As the summer construction season comes to a close, the Alaska Department of Transportation is finishing more than $10 million worth of projects.
The road work includes a culvert installation near the intersection of Bridge Access and Kalifornsky Beach roads, paving along the Sterling Highway and general work on Tustemena Lake Road.
The Kalifornsky Beach Road project replaced a damaged 4-foot diameter fish passage with a 6.5-foot culvert, project engineer Jonathan Tague said.
State Department of Fish and Game biologist Ginny Litchfield said that structural damage had lifted the inlet end. That caused the approximately 40-year-old culvert to cut off juvenile salmon from a wetland rearing habitat.
The department dug 25 feet down to install the larger culvert, Tague said, and dumped 120 pounds of ditch lining inside to simulate a streambed. The department replaced the culvert during dipnet season, unfortunate timing that stymied traffic at the K-Beach intersection.
The project also began a 2,700-foot bike pathway requested by the VIP subdivision in the area. According to the engineer, the community was interested in a pedestrian and biking area along the road.
"It's to keep pedestrians and bicycles off the road," he said. The project should be finished next year.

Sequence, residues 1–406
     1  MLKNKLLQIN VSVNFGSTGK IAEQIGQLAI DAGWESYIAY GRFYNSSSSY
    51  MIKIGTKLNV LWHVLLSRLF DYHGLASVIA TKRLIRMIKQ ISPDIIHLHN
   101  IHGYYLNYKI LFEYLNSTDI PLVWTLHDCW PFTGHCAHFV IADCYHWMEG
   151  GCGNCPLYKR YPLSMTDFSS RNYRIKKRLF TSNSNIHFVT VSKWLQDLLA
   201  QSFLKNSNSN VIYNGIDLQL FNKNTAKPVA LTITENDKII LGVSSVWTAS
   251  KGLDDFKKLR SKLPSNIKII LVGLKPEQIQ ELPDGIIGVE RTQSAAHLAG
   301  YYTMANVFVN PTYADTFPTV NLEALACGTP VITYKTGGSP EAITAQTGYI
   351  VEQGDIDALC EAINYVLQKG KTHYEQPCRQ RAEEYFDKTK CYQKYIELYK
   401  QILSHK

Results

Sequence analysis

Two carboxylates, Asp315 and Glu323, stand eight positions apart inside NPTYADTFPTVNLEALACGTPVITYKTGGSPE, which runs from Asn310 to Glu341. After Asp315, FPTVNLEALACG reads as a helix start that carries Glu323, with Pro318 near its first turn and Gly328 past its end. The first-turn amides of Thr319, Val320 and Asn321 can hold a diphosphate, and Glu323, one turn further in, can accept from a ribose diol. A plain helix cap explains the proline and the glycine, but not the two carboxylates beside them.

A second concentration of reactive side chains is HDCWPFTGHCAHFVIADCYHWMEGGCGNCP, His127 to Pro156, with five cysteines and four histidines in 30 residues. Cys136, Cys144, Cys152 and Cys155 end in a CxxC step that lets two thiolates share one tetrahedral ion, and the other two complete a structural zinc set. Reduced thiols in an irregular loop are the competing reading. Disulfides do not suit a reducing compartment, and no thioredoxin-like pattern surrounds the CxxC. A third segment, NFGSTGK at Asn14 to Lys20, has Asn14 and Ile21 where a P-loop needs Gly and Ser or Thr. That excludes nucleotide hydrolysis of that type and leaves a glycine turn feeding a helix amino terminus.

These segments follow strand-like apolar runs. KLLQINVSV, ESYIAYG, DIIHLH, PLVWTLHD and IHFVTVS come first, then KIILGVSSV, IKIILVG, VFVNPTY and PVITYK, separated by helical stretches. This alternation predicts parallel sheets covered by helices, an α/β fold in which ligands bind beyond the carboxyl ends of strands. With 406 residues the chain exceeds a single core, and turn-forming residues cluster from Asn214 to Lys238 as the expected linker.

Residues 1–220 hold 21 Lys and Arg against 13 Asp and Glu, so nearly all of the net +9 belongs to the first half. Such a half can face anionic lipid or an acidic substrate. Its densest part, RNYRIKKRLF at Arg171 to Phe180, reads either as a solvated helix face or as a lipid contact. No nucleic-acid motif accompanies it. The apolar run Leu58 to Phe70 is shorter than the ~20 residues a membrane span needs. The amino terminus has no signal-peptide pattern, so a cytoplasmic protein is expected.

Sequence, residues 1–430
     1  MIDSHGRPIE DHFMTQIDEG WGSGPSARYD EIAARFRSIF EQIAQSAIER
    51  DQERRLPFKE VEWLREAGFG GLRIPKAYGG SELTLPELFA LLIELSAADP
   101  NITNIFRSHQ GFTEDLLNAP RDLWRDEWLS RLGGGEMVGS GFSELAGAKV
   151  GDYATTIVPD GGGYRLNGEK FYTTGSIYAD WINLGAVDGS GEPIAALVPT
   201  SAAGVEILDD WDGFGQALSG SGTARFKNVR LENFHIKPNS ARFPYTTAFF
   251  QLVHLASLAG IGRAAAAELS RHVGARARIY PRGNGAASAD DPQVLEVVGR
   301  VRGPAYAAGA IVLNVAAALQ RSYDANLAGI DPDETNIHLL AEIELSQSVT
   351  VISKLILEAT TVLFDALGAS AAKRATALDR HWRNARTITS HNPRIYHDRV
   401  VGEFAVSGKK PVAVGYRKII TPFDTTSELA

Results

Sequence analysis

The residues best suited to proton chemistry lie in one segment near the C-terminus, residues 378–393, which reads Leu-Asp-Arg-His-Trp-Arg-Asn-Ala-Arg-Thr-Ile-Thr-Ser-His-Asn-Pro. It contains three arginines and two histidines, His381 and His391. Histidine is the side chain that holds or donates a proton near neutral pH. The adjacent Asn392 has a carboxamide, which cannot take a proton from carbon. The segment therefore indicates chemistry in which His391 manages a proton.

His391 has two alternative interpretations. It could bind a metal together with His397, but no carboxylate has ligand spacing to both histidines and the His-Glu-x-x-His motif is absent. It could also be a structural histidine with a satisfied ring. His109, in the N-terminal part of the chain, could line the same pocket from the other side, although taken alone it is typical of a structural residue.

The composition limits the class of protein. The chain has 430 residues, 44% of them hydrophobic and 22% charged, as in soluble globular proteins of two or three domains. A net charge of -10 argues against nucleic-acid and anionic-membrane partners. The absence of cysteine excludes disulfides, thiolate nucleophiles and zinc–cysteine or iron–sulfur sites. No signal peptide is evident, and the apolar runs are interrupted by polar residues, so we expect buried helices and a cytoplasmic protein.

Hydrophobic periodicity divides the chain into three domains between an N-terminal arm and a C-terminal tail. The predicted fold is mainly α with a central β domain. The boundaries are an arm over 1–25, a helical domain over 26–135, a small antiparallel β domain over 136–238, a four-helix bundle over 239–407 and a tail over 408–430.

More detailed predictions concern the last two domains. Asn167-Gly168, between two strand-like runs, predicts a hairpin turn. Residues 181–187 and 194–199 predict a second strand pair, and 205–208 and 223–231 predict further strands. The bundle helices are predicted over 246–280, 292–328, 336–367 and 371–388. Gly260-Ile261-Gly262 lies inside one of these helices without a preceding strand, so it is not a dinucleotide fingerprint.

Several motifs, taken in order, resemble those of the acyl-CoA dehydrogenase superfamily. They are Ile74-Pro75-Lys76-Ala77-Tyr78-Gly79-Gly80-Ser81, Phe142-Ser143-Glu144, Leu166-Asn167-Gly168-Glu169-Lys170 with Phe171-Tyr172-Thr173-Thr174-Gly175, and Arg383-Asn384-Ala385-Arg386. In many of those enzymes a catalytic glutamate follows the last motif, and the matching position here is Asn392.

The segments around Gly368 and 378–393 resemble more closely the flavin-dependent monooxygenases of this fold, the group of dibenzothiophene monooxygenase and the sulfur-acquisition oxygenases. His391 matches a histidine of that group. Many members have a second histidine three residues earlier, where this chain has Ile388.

Assistant project engineer Laura Paul said that the remainder of the project's $1.2 million budget will go toward upgrading the stop light's electronic system. The car detectors, which work in junction with the lights to direct traffic more efficiently, had been failing. Tague estimated that the new sensors will be installed by June 30 next year.
Paul said that $5.5 million went into road repair on the Sterling Highway from Soldotna to Cohoe Loop Road. DOT plans to rehabilitate the thoroughfare from Mile Post 45 to 60 next year. DOT also plans to repair damage done by the 2002 flood where Deep Creek North and Wayside intersect with the thoroughfare.
The department plans to finish grading on Tustemena Lake, Crooked Creek and Johnson roads in a week. Project engineer Gary Walklin said that crews will begin paving the gravel roads in mid-September. According to Paul, $2.75 million has been spent so far.
Walklin said that the Homer Electric Association Access Road bid went through last week. The $700,000 project will create a new avenue to the Kenai Spur Highway, add lighting and install gutters, he said. Construction will commence in a month, but it's doubtful that workers will get much done this season.
"I don't expect much work to get done this year except clearing or electric work," he said.
The department's website lists tentative notices for construction of replacement bridges at Trail River, Falls Creek and Ptarmigan River next spring. A summer project will resurface Holt-Lamplight Road. The construction will also replace guardrails, and add new signs and stripes.
Tony Cella can be reached at firstname.lastname@example.org.
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